By Ian Quinn
Exclusive: NHS managers across England are to dramatically accelerate the shift of work from hospitals to primary care, with plans for GPs to take on new services as part of London-style ‘polysystems’, Pulse can reveal.
PCT documents setting out the ‘efficiency savings’ required of them by the Department of Health reveal proposals to decommission hospital services on a massive scale, with many introducing new ways of working for GPs under tighter managerial control.
Our investigation discovered:
• trusts are planning annual cuts in hospital activity of as much as 10%, with whole departments to be closed and some to transfer millions of pounds of work to primary care
• the first trusts outside London are drawing up plans for polysystems, describing them as a ‘financial imperative’, with GPs set to work in corporate structures managing complex illness over large populations
• in London, the SHA is putting PCT managers under pressure to close hospitals against their will and shift work to GPs.
Pulse approached all 152 PCTs requesting details of efficiency plans – to be submitted to SHAs next month – under the Freedom of Information Act.
Of 44 able to provide details, 38 said they planned to accelerate the shift of work from hospitals to primary care.
NHS Sefton aims to cut hospital activity by 10% in 2010/11 alone with dermatology ‘ceasing to be a hospital-based service’ – yet also plans a 10% cut in primary care spending.
NHS Wolverhampton City said external consultants had earmarked £10m in services to be shifted to primary care.
NHS Suffolk has identified more than 20 specialist services to move to GPs, including cardiology and gynaecology clinics and diagnostic surgery.
Many trusts plan to review referral thresholds and stop funding hospital activities classed as ‘low clinical priorities’.
NHS Bury signalled its intention to adopt the polysystems model, with its draft minutes stating: ‘Work on modelling implementation of polyclinics and polysystems has not commenced but will be integral to our business plan.’
The trust later erased the words ‘polyclinics’ and ‘polysystems’, claiming they were ‘not appropriate’, amid concerns managers are aiming to duck controversy by avoiding use of the terms.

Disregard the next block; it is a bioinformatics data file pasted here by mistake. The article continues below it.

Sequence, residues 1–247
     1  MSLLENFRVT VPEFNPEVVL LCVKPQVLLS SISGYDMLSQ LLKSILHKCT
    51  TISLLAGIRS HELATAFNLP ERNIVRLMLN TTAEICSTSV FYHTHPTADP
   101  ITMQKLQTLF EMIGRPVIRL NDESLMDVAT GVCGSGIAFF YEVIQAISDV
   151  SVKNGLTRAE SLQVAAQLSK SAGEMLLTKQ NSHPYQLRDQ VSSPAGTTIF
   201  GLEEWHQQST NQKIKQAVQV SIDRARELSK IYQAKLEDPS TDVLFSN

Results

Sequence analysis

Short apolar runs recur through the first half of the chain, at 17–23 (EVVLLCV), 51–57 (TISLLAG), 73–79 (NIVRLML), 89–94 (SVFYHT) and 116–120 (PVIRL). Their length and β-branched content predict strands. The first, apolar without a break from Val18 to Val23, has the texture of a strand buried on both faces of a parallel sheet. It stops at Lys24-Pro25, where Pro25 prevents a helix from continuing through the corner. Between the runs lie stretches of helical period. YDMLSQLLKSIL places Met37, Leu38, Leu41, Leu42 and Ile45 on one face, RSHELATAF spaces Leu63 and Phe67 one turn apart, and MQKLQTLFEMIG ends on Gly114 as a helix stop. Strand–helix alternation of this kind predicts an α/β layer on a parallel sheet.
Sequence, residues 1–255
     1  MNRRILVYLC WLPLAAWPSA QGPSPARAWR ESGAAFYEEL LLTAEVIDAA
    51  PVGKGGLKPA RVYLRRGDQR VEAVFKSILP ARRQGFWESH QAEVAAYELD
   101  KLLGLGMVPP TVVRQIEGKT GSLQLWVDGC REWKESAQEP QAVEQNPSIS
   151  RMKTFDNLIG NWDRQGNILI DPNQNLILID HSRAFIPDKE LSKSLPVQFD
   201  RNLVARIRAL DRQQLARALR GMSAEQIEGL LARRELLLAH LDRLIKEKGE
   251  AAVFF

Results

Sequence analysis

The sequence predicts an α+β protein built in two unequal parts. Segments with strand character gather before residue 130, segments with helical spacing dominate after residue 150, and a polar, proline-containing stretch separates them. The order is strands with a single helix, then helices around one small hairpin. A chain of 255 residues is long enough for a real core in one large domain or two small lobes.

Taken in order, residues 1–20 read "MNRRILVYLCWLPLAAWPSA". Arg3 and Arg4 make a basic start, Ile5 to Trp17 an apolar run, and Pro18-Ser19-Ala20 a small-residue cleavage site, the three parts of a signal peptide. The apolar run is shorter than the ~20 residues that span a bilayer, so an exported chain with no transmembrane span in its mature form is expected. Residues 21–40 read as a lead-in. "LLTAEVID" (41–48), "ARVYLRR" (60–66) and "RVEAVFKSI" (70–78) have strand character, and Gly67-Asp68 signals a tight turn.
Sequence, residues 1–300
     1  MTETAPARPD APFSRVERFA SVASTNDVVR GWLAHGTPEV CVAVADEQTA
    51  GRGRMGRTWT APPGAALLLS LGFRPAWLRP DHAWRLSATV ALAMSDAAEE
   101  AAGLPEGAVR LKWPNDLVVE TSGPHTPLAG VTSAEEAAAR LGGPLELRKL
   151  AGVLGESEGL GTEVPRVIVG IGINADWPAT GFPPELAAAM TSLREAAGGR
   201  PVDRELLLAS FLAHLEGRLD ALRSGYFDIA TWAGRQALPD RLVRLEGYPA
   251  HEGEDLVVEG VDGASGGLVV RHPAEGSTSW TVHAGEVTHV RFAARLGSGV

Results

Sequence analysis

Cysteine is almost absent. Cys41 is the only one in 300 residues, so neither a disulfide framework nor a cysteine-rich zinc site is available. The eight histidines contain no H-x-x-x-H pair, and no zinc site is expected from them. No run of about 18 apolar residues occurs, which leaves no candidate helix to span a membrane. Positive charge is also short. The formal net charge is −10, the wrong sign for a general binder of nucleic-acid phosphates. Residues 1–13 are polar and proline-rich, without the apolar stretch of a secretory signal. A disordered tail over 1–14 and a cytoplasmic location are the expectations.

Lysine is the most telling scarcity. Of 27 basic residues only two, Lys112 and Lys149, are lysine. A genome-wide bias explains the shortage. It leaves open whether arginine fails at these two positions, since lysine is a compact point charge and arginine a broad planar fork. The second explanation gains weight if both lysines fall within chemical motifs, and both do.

NHS Derbyshire County plans to decommission millions of pounds of hospital services and for GPs to work in a consortium, paid under a single APMS contract for all additional work.
NHS Trafford and NHS Oxfordshire aim to adopt ‘integrated care’ systems to transfer work to primary care.
Dr Michael Dixon, chair of the NHS Alliance and a GP in Cullompton, Devon, said he expected every large population centre to move to polysystems.
Polysystems could bring practices direct access to specialist diagnostics, but Dr Dixon warned they were being driven by cost pressures and risked dumping unresourced work on GPs: ‘I am convinced every trust will end up transferring a huge volume of work to GPs and in towns this will mean moving to a polysystem model.
‘This could be an opportunity for GPs to take more control over NHS services. My fear is it will be driven by cost-cutting and not properly resourced.’
In London, where all PCTs are introducing polysystems, a letter obtained by Pulse from NHS London to North West London PCTs demands more radical cuts. It says: ‘Your draft plan refers to three major acute hospital sites. We have a concern these are financially unsustainable.’
Dr Tom Coffey, Commissioning Support for London’s clinical lead for polysystems, said he believed they would be introduced across the country, in both urban and rural areas: ‘This is not just a London thing. Our plans are based on research showing you can improve treatment for long-term conditions by doing it in primary care.
‘I think all SHAs will base their plans on this research as they realise these are not only more effective but also cheaper. It’s a big chance for GPs.’
GPs across the UK are set to work in polysystems, often centring around polyclinics